Appeals judge: justice reform council focuses on recidivism
4:49 pm, October 12th, 2012
Georgia Court of Appeals Judge Michael Boggs told the Atlanta Bar Association’s Litigation Section this morning that the governor’s expanded criminal justice reform council is now focusing on lowering recidivism among youth offenders and should have a report of suggested policy changes ready by December.
This summer, Governor Nathan Deal renewed the council’s charter and increased its membership from 13 to 21. He also directed the council to study juvenile justice reforms.
Boggs, co-chairman of the reform council and a former Waycross Circuit Superior Court judge, said among the strategies being considered by the council are establishing ways to incorporate youth offenders back into their communities, revising the designated felony act to give judges more sentencing options and studying school referrals of delinquent youth into the juvenile court system.
“The earlier in the continuum that we can address criminal justice reform to keep people out of the adult criminal justice system, I think the better off this state will be,” Boggs said.
Housing youth offenders in youth detention centers costs the state roughly $91,000 a year per offender, Boggs said. The bulk of the cost is due to mandate on the juvenile justice system to provide a certified education to juveniles in custody.
The state currently has 619 offenders in youth detention centers, he said.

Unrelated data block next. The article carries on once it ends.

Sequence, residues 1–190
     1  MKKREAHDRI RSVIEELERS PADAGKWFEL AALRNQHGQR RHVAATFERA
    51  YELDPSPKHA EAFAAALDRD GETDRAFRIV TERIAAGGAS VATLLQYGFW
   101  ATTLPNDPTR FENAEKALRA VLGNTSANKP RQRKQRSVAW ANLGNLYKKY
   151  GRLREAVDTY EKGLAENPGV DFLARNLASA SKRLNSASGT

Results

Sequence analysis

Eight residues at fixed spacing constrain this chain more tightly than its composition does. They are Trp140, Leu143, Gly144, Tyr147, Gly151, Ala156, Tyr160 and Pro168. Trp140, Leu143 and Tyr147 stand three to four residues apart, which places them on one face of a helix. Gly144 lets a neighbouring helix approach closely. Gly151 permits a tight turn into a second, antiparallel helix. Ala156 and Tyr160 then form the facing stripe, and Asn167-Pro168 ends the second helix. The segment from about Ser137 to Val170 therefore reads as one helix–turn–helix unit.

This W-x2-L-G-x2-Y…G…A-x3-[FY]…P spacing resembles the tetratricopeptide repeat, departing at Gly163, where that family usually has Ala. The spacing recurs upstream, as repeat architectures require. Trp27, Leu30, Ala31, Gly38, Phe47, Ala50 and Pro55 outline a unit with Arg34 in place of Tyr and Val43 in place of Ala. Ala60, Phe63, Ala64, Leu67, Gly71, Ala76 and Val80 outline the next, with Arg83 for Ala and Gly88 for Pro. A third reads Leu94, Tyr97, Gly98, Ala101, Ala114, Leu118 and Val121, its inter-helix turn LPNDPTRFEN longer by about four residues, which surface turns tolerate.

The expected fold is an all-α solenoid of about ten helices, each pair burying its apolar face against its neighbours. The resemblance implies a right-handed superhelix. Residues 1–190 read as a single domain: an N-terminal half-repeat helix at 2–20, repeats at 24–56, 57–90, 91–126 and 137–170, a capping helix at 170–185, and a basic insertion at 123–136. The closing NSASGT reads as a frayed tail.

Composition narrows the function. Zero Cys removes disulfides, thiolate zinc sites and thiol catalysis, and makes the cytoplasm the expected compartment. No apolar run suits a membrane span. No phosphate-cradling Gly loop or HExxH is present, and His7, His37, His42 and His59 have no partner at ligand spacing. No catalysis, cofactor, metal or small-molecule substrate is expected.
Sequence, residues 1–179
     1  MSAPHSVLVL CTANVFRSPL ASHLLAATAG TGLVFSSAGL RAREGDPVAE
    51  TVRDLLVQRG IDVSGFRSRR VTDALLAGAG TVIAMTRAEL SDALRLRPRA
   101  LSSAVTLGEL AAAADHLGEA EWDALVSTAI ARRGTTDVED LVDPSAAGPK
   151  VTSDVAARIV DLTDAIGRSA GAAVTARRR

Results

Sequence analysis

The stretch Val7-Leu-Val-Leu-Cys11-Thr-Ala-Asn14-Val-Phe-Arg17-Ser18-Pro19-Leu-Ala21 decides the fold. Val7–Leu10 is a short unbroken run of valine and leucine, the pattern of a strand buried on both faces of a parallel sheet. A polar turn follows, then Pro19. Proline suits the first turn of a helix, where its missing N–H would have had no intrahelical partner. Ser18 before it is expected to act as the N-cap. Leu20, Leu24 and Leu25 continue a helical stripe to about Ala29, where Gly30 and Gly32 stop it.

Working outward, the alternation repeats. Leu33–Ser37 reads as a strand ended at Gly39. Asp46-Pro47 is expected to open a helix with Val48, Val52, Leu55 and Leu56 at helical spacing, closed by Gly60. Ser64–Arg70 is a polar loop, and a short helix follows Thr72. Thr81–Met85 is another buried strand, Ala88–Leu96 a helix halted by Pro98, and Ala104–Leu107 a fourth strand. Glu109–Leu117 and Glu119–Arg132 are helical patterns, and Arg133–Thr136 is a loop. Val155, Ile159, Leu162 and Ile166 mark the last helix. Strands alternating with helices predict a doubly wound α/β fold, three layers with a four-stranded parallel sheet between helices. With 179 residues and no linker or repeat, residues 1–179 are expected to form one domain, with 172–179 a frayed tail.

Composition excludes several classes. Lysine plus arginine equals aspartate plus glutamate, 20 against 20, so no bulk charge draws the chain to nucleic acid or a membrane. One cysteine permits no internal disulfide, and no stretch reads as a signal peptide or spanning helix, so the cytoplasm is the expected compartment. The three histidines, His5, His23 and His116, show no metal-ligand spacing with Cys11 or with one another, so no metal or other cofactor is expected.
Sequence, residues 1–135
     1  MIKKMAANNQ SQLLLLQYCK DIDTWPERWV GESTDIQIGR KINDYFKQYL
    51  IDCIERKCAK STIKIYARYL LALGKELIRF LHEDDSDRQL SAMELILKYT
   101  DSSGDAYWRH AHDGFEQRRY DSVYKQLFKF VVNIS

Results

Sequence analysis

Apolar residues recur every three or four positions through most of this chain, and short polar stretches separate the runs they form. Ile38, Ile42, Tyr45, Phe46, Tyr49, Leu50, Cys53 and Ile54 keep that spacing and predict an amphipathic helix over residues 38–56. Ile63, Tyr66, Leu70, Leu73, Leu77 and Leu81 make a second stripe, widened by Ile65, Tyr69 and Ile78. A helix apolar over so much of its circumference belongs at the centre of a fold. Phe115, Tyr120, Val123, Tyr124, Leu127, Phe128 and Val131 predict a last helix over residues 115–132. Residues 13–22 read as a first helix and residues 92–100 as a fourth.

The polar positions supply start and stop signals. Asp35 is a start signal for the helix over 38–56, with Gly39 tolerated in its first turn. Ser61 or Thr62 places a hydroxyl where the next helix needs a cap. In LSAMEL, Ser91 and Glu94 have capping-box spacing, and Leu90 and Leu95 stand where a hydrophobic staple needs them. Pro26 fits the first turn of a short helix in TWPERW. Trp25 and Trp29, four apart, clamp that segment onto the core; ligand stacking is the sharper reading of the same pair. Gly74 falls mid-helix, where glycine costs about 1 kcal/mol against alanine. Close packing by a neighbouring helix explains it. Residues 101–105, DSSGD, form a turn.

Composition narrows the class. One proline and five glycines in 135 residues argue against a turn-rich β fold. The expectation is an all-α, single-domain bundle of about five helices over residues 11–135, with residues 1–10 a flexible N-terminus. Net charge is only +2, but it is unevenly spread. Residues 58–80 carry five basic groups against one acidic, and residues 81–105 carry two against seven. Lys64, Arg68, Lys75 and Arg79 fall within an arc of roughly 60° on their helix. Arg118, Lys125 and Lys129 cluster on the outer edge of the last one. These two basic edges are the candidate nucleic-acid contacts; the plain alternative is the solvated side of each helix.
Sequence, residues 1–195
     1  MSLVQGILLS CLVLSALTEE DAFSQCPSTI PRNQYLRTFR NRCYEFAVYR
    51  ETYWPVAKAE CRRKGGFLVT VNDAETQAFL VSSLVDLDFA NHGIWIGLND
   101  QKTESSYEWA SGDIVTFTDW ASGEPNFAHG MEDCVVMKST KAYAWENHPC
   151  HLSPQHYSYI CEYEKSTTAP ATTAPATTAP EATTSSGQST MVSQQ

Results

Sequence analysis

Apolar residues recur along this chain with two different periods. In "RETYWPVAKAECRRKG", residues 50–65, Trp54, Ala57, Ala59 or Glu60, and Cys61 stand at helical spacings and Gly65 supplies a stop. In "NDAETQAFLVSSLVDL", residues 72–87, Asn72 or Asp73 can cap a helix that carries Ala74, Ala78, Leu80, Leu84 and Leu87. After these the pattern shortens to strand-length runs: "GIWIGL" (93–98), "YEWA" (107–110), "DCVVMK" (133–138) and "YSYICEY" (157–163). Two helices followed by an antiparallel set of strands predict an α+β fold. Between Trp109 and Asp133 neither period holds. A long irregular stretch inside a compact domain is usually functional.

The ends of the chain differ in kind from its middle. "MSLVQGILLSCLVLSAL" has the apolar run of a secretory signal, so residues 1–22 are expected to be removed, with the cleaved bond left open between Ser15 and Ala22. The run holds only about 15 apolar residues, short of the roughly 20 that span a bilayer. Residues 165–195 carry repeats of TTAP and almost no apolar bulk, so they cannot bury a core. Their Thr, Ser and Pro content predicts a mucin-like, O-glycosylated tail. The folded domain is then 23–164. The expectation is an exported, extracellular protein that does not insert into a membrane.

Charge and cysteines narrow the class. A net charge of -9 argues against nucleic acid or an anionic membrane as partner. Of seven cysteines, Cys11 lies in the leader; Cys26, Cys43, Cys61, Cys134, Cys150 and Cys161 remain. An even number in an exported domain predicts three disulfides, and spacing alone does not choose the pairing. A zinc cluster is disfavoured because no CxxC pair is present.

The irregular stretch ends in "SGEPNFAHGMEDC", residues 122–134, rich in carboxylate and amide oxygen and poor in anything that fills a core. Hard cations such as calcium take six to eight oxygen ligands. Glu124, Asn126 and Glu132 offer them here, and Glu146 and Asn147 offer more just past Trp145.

“By the time they get out, 65 percent will be back within three years,” said Boggs. “They don’t graduate from high school, but they sure do from juvenile court to superior court.”
Last year, the council recommended policy changes aimed at adult offenders which led to omnibus overhaul legislation known as House Bill 1176, which included establishing a statewide system of accountability courts, increasing some non-violent felony thresholds and lowering the penalties for some non-violent, drug-related crimes.
Boggs also said one of his goals is to build consensus among the 21-member panel, which includes judges, lawyers and lawmakers, for the restoration of judicial discretion in sentencing. The council last year failed to reach unanimous agreement on the issue. Some reduced minimum sentences were suggested to the state Legislature, but not all were included in the omnibus overhaul legislation known as House Bill 1176.
“Mandatory minimums take away discretion from that very judge who is in the courtroom who can see witnesses and who can judge the evidence and who can determine best aggravating and mitigating circumstances and who can decide best in that setting what is an appropriate sentence,” Boggs said.